The Foresight Institute’s Founding Vision
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Foresight was founded in 1986 on a vision of the emerging field of nanotechnology in which current capabilities in several areas of science and technology lead eventually to fabrication of complex products with atom-by-atom control of the manufacturing process. Foresight’s mission and activities have evolved from this founding vision to include research on other technologies of fundamental importance for the future of humanity, e.g. artificial intelligence. To understand Foresight’s beginnings, this section gives an overview of Engines of Creation, the book that led to the founding of Foresight Institute.
Engines of Creation by K. Eric Drexler
The Foresight Institute was founded on a brilliant and vivid study of the future of technology published in 1986 and written by a student at MIT. K Eric Drexler’s Engines of Creation: The Coming Era of Nanotechnology has been exceptionally influential because it not only presents an exciting exposition of an emerging technology, but it places it in the context of how we can think about technologies that have not yet been developed, and how we can prepare to avoid the perils that the technology may bring as well as exploit the opportunities that it will present. For these reasons it remains relevant after 30 years of phenomenal progress in the underlying science and technology. The themes of Engines of Creation provided the foundations for Foresight’s mission and initial activities. Drexler was a co-founder of Foresight, although he no longer has any affiliation with Foresight.
A free HTML version of Engines of Creation is available at Drexler’s web site. Drexler also provides a link to the free 20th anniversary e-book edition with follow-on papers and publications. Engines of Creation was a work of popular science. In 1992 Drexler followed it up with a technical book Nanosystems: Molecular Machinery, Manufacturing, and Computation developed from his MIT PhD thesis. Drexler brought his view of the coming era of nanotechnology up to date in his latest book Radical Abundance: How a Revolution in Nanotechnology Will Change Civilization, published in 2013.
The Feynman vision – “There’s Plenty of Room at the Bottom”
The core idea of Drexler’s vision of nanotechnology—that a very wide range of technological goals could be accomplished if we could make things by placing the atoms where we want them, and that the laws of physics do not forbid manufacturing to atomic precision—were first elucidated by Richard Feynman in 1959 in a visionary talk “There’s Plenty of Room at the Bottom“. The word “nanotechnology” was first used to label Feynman’s vision in EOC. In fact, the 20th anniversary e-book edition of EOC reprints Feynman’s 1959 talk as a Prelude to EOC. To honor Feynman’s pioneering contribution, Foresight established in 1993 the Foresight Feynman Prizes in nanotechnology to be given each year to researchers whose recent work have most advanced the achievement of Feynman’s goal for nanotechnology: the construction of atomically-precise products through the use of molecular machine systems. Foresight Institute established the Feynman Grand Prize in 1996 to motivate scientists and engineers to design and construct a functioning nanoscale robotic arm with specified performance characteristics.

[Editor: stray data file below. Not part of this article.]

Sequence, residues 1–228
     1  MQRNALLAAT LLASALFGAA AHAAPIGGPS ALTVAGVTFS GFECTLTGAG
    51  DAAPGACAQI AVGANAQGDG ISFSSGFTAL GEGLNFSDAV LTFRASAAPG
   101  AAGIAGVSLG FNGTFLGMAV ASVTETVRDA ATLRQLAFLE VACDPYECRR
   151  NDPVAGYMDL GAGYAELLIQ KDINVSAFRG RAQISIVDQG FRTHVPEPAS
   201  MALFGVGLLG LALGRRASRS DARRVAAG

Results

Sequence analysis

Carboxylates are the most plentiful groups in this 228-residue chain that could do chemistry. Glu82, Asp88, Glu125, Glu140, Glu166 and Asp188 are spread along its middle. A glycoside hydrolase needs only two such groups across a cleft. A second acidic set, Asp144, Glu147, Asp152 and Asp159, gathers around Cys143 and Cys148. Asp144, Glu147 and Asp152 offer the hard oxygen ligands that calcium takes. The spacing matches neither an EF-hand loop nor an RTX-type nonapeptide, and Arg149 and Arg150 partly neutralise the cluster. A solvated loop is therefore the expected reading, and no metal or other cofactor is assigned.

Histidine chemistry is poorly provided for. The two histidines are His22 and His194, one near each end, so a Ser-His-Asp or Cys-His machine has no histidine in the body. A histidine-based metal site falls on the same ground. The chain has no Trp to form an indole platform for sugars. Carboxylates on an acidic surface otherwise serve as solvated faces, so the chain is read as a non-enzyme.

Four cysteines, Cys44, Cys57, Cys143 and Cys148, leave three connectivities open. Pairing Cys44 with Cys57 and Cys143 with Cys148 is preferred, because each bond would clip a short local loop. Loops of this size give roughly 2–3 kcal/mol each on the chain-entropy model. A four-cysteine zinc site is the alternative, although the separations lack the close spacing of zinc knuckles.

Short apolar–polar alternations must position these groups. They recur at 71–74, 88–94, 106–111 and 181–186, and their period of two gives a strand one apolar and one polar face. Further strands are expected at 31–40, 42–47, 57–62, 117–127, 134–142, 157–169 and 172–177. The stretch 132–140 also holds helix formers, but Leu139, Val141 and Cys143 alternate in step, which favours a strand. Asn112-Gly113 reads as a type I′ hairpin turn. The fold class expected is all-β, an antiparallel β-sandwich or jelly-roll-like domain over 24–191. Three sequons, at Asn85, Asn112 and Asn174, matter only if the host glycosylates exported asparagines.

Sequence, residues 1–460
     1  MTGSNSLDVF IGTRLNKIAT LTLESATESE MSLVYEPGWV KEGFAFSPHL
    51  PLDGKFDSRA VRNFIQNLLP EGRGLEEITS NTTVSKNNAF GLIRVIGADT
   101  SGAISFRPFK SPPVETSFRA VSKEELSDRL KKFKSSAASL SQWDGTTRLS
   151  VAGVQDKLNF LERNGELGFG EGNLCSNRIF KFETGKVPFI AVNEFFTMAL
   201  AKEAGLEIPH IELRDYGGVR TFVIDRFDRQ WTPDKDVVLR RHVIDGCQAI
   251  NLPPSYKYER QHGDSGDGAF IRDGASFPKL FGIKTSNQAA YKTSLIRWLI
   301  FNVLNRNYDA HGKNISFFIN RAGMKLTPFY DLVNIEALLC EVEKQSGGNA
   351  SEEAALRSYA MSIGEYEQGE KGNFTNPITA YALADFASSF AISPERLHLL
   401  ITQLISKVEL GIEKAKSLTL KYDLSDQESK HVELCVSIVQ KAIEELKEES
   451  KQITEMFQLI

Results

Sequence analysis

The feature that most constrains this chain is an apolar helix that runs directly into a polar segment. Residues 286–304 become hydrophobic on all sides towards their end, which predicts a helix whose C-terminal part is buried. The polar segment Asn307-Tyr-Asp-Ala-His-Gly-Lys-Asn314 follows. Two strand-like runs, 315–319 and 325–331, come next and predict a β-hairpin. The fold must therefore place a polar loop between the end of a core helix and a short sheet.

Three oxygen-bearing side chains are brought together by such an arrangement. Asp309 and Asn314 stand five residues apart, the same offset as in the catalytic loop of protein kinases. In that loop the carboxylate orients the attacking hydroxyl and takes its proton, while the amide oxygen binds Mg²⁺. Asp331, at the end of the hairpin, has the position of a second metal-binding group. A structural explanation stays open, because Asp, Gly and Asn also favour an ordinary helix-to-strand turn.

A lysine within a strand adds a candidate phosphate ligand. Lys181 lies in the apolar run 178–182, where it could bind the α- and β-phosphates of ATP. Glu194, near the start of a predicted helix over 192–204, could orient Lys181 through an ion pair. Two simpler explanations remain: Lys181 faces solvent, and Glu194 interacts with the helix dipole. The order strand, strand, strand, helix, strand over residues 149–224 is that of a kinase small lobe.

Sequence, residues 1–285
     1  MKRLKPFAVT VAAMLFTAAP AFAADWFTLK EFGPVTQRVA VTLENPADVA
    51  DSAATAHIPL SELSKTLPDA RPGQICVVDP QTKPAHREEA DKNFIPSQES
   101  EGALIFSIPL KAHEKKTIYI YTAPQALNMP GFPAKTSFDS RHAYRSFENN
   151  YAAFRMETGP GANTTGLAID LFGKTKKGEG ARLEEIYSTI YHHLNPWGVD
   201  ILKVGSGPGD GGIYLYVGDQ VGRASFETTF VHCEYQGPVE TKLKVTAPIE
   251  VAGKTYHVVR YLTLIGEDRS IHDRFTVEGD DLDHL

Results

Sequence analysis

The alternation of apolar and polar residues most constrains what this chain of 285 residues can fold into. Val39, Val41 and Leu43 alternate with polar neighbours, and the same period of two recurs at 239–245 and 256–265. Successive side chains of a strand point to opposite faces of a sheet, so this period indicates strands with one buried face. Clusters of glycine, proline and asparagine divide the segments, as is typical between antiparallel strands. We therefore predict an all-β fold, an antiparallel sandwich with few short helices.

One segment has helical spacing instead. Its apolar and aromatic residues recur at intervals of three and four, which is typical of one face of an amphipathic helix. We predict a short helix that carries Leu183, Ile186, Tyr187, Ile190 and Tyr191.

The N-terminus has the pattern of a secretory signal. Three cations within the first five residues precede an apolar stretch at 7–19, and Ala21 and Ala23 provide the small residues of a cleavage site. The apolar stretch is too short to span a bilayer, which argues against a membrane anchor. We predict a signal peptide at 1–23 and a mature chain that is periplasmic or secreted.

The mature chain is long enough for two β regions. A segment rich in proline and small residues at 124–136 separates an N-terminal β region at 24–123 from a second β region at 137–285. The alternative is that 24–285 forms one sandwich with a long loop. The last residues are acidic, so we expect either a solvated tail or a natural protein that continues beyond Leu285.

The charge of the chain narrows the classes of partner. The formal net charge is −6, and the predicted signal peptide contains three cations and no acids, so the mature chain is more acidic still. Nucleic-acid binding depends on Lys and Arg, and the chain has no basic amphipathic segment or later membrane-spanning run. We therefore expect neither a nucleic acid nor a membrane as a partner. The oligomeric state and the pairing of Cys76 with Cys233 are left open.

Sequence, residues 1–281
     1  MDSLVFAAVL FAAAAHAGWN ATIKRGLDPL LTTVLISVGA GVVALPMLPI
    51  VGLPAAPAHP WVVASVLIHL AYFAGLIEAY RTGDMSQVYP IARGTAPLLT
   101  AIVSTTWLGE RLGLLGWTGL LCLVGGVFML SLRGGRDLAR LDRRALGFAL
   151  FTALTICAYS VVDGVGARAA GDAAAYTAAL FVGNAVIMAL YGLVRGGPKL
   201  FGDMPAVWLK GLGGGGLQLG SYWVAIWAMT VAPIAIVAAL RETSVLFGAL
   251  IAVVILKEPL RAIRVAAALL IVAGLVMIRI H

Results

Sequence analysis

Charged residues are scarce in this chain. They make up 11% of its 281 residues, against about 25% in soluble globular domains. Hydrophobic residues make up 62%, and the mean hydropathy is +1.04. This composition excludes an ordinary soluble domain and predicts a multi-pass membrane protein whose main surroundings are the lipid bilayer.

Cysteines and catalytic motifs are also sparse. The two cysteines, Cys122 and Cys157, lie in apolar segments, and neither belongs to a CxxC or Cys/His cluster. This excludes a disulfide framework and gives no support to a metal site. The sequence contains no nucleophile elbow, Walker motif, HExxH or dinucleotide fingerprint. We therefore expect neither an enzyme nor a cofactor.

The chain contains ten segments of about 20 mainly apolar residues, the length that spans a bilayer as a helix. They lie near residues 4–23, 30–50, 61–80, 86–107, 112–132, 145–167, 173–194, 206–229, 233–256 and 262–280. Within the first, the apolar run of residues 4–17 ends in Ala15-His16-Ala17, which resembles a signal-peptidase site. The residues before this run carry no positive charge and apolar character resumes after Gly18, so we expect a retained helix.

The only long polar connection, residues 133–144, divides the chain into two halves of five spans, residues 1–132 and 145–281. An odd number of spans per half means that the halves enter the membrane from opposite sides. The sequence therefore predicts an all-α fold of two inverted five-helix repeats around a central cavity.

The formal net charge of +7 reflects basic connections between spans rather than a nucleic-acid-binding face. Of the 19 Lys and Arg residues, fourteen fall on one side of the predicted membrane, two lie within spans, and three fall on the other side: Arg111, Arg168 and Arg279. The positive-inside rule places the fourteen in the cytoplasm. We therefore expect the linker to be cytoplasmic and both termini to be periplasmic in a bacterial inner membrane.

Foundations, Possibilities, and Strategies
Drexler structured his vision of nanotechnology as a technological revolution in three parts, each of which remains a focus of Foresight’s mission and activities.
The ability to arrange atoms as the foundation of technology; the molecular machinery of life; the evolution of complexity; predicting and projecting in science and engineering. More …
Profiles of the Possible
Abundance, intelligence, space, healing, long life, reaching the future, limits. More …
Dangers and Hopes
Danger, survival strategies, finding facts, networking knowledge, a future of diversity. More …
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